Copyright © Reed Business Information, a division of Reed Elsevier Inc. All rights reserved.

From Booklist

Drumheller is the first high-ranking CIA "insider" to write extensively on how supposed intelligence failures led to the war in Iraq, which he clearly feels has damaged national interest. He retired from the agency in 2005, spent more than 25 years as an intelligence operative, and served as chief of clandestine operations for Europe from 2001 to 2005. Although his high position in the agency certainly makes his account worthy of close attention, it is not clear how directly Drumheller was in the loop as decisions to take military action were made. Still, his assertions are certainly disturbing. While Bush defenders consistently have blamed intelligence failures for the phantom weapons of mass destruction, Drumheller credibly claims that the administration pressured the agency to make the case that the weapons existed and any reports that contradicted that view were ignored. In particular, the treatment of an Iraqi defector who refuted the claims of advanced weapons programs now seems both outrageous and tragic. In a broader context, Drumheller reveals an erosion of the political independence and professionalism of the agency over several decades as successive administrations tried to manipulate and distort intelligence to serve political and ideological ends. Sure to engender intense debate. Jay Freeman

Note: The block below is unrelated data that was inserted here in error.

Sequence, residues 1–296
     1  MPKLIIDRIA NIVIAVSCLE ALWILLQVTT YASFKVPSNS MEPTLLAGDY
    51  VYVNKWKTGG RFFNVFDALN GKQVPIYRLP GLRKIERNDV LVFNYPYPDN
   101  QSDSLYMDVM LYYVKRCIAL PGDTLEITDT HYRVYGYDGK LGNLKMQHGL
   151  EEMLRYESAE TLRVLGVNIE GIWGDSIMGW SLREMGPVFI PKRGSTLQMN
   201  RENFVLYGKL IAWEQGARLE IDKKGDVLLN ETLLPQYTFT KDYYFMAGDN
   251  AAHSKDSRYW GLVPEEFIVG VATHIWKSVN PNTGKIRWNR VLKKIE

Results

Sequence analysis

Copyright © American Library Association. All rights reserved

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Customer Reviews

It is crazy to say this, but there are far better books on this subject.
WolverineSpear
About the only thing that Drumheller's book adds to the public record is a little bit more detail.
maskirovka
That the CIA couldn't obtain what was supposedly needed is a gross indictment of the agency.
David M. Dougherty

Most Helpful Customer Reviews